Wednesday, May 27, 2009

Art Is Lost, but Alive

Art hunkered in the shadows of Lascaux, smoldering.
He broke into the third dimension under Rembrandt, found beauty

With Botacelli, exactitude with Van Eck and Vermeer; exploded
Into a rage of color and perspective with the Impressionists, the Cubists.

Then Art began questioning his intentions.

In 1917 Marcel Duchamp hung Fountain, a urinal, at the
Society of Independent Artists exhibit, and said “this is art.”

In 1980 Jeff Koons did pretty much the same thing
with four Hoover vacuum cleaners, but for a different reason, perhaps,

at the New Museum in New York City. One of the series (why quit
a good thing?) was recently sold by Christies for $11,801,000, and

being encased in plastic the vacuums still work, which is an added
bonus. You could take them out and clean your house.

Since then Art has wandered many places, but seems to have a fascination
with primary functions: Piero Manzonni in 1961, exhibited

90 cans of Artist’s Shit (two cans recently sold
for well over $100,000 – must be good shit!) and Adres Serrano

dropped a crucifix into a glass of urine and photographed it;
John Baldassari videotaped himself sitting in a chair; Maurizio Cattelan

Hung stuffed horses, and Matthew Barney milked his
Cremaster, but this was tame stuff.

When Guillermo Vargas’ chained a dog to a gallery wall
letting it starve (it was later rescued) he violated Art’s trust;

and when Aliza Shvarts successively impregnated herself, aborting herself
each time while videotaping the procedure she became what Art

Should never be -- evil. Today Art is lost.
He finds himself slouched on a barstool off Forty-Seventh

unable to remember where he lives; an air conditioner
banging away and the Wurlizter playing Cryin by Roy Orbison.

The amber liquor is going down smooth, too smooth. It so seems
long ago since Art took his hat off the peg and went to find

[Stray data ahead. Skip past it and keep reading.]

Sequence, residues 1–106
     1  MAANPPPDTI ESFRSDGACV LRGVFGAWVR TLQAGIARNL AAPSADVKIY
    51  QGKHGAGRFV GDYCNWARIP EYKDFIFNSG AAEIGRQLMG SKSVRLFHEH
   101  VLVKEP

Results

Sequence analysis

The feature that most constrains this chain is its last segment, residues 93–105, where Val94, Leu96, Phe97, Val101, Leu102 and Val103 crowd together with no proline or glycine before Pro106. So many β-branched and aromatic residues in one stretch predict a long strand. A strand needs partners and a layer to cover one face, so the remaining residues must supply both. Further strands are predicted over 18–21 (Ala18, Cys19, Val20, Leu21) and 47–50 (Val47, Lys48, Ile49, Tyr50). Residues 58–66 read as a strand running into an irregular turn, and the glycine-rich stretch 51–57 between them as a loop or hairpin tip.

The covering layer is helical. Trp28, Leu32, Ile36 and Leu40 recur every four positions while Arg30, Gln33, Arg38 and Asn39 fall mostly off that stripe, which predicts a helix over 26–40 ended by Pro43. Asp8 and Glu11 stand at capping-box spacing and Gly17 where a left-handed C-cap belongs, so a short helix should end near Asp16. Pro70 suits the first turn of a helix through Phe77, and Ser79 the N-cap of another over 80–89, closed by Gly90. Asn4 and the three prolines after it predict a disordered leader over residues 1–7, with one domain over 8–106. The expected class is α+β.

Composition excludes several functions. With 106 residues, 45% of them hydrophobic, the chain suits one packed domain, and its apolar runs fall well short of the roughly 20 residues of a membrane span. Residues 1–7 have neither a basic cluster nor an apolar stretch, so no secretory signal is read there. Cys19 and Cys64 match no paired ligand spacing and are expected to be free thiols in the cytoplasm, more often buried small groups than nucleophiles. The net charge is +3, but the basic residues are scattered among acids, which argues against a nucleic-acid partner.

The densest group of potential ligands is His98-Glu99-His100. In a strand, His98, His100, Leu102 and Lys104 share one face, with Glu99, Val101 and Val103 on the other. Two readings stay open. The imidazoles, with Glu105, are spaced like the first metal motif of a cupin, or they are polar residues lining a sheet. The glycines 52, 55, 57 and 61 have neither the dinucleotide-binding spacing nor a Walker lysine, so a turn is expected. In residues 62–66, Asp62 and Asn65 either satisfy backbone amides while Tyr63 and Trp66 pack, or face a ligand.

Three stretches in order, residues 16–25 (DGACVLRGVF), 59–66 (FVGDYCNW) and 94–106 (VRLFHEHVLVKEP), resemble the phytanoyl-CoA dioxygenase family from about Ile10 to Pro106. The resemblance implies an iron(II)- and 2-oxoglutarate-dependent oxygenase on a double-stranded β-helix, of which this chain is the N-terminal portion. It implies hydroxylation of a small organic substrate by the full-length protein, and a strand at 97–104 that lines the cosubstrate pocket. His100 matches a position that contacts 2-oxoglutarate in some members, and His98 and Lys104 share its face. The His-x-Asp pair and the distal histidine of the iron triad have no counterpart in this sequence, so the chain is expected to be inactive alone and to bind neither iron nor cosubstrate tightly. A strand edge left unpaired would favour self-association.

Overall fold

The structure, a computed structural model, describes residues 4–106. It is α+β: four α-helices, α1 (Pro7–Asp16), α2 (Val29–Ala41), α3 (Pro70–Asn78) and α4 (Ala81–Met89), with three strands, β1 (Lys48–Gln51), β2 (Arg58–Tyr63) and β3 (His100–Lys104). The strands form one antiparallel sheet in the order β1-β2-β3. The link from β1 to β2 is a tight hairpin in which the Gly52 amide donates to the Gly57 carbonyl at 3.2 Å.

beauty, truth, and the mind and soul of humanity. The bartender, a cherub with
an evil grin pours it slow out of a stout bottle, and the light is the light

of Marlowe, of dusk and neon and loss. After
a few more drinks, Art has to piss. He gets up walks to the rear

but the door opens not on the men’s room, but on a high prairie where
moonlight casts shadows off contorted sagebrush. He pisses and watches

the dry ground drink it up. Not far off a coyote howls. North wind, and Art
feels the back of his neck prickle. He throws his head back, and once

the dizziness subsides, stares into the vast cataclysm above dotted with stars,
but he doesn’t realize that up is relative

to where he stands (which is perhaps Art’s problem - hubris?)
and he is staring into directionless

endless distance. Pieces of an exploded universe move away from him
at speeds approaching light, rushing blindly into infinite emptiness

until at some immeasurable future time they might slow,
stop, and begin retracting again, long after the lights

of the dwellings on earth have burnt out; long after Art is dead.
Art shivers again, turns and re-enters the warmth, light and cluttered noise

of the bar. He summons the bartender, takes out a wad of cash
and buys a round for everyone in the house; then he walks over

to the jukebox and plays another Orbison song, “You Got It.”
Art turns and watches the crowd, their naïve humanity,

Their banter and their beauty, and Art grins, happy to still be alive
even if barely.

1 comment:

Night Monkey said...

Thanks for posting this, Paul. I DO like it!